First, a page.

Interactive Content Lessons From The Rosé Mansion

Published: October 16, 2019

This blog was originally published on the Content4Demand blog

I’m not going to lie, I’m a sucker for a good Instagrammable moment. I’ll take a snap of my breakfast (no shame), revel in some post-workout pride and venture to the latest pop-up experience promising an “immersive experience.” That’s why the Rosé Mansion has become a go-to for me and my friend, who is a graphic designer turned art teacher. We’re both are passionate about user experience, branding and, well, wine.

The Rosé Mansion is marketed as equal parts wine bar, amusement park and museum of science for wine. It seems like a big promise, but the team delivers, creating a series of themed rooms. In each room, you get to taste test a specific type of wine, learn about how it is created and how others enjoy it. Once you get your sample, you get to interact with the room, which has a fun design theme, series of props and Instagrammable opportunities. 

I’m riding high on all the fun my friend and I had, and all the interesting things we learned. The most surprising takeaway: how I can apply some of the design concepts from the experience to my everyday work as a content creator. For instance, one room was designed to act as a live-action board game. You walk the path, answer a series of questions about how you like your coffee, your ideal music volume and more. In the end, you get a recommendation for the type of rosé that’s right for you: sweet, semi-sweet and dry. Then, you get to taste-test your selection. Super fun, right?

Well, the easy and rewarding experience got me thinking about how we can make B2B interactive experiences just as enjoyable as this one. You may think it’s a stretch, but here are some things I think we can apply as we attempt to design quizzes and assessments that are rich, engaging and valuable for everyone: 

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Take Some Creative Risks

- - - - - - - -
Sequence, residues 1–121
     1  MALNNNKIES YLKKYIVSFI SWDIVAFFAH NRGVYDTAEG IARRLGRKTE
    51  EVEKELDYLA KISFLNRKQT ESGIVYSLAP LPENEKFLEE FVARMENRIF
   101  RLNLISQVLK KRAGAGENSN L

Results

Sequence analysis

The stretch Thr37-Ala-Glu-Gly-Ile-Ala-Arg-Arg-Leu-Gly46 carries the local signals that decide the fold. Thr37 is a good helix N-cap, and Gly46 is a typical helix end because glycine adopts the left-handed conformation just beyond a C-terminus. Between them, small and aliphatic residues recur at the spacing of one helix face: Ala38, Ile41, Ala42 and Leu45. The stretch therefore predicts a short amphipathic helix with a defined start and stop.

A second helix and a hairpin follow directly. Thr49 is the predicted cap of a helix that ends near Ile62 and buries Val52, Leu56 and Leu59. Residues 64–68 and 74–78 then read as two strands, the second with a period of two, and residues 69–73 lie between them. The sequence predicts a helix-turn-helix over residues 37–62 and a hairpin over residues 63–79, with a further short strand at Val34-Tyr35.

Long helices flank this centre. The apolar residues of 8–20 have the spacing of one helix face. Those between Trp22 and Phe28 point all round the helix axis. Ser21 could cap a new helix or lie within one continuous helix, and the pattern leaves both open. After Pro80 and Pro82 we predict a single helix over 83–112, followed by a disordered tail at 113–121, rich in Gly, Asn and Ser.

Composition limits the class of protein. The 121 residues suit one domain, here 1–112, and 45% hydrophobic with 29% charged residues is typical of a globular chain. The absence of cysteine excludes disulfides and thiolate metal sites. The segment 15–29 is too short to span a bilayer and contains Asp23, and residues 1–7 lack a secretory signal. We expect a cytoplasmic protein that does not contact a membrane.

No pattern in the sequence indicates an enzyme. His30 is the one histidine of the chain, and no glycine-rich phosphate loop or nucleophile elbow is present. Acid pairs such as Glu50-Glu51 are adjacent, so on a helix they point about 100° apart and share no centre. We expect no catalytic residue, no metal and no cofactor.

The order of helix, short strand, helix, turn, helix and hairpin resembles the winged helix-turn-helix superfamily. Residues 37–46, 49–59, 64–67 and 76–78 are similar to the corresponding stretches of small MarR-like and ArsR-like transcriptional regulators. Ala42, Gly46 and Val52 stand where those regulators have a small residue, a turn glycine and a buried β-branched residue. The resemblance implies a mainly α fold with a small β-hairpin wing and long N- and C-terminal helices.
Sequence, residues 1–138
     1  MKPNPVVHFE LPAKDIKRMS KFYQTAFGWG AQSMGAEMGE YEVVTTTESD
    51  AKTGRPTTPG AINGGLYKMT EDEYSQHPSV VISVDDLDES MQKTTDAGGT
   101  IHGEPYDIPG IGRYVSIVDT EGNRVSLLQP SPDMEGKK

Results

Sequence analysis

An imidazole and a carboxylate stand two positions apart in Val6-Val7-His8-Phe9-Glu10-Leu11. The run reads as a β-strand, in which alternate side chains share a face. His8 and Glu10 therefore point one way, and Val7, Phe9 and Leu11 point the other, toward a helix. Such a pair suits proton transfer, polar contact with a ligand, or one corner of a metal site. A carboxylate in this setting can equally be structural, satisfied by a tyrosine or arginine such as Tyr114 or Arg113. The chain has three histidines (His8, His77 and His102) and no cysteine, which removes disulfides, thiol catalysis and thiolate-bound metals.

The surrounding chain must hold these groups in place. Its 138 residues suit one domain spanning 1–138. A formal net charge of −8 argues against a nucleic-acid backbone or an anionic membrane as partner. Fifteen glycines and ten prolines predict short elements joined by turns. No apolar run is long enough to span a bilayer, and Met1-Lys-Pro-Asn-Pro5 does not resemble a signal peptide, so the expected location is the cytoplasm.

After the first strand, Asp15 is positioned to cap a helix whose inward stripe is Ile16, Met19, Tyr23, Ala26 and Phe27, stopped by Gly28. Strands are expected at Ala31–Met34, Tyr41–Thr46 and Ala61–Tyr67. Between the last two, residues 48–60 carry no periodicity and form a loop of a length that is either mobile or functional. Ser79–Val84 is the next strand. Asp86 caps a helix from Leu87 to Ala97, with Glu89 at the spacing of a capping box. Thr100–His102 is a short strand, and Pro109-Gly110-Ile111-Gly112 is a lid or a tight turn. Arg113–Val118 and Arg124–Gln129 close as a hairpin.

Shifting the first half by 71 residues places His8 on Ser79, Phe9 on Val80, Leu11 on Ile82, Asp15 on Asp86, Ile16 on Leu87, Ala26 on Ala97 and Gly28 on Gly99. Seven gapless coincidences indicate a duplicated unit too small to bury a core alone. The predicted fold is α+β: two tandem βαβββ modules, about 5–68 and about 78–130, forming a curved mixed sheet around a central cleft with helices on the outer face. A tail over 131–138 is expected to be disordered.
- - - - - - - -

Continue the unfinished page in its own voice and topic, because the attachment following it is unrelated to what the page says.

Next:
The reason why the mansion’s board game is so effective is that the design is so fun and compelling. Bright colors and vibrant visuals scatter the floor, making you truly feel like you’re in the game. If you want to drive people to take the time to share information about them, you have to make it interesting. Plus, it’s a good time to embrace a fun theme or creative concept to see if it resonates with your audience. You may find you can push more creative boundaries and it‘ll actually pay off.  

Connect To A Greater Purpose

The entire goal of the Rosé Mansion is to educate visitors about the pink drink’s history and teach them how to find the right wine for their unique palette. The game supports this broader mission in a fun and actionable way. Your quiz or assessment should do the same, connecting to a broader campaign objective that is valuable for your business. Additionally, it should connect to a broader story that is relevant and entertaining for your audience. 

Make The Journey As Seamless As Possible

This refers equally to the copy and the overall experience. How many times have you seen “quick quizzes” that end up having 15 questions and five potential answers for each? Talk about misleading and frustrating. Don’t give your audience a reason to abandon your experience. Make the questions quick and easy, and the responses even easier. Bonus points if you can make them all yes/no! 

Give Them A Solid Send-Off

You don’t want your buyer to go through a quiz or assessment only to think, “now what?” You want to have a payoff that’s equal to or greater than the time and effort they spent going through the experience. In the mansion, we receive a wine tasting that aligned with our unique preferences. With my clients, I always recommend a higher value outcome, such as a benchmark analysis, recommendations based on maturity levels, or a more detailed piece of content. These provide a clear next step in the decision journey, and empower buyers to consume more information if they so choose. 

Too many times I’ve seen brands try to force an interactive experience that ends up being overly complex and worst of all, not valuable for the buyer. They end up wasting valuable time and marketing budget on something that ultimately doesn’t perform or fit into their campaign goals. But the Rosé Mansion shows that there is a better way and that you can find incredible interactive content inspiration in unlikely places. Sometimes you just need a cocktail…


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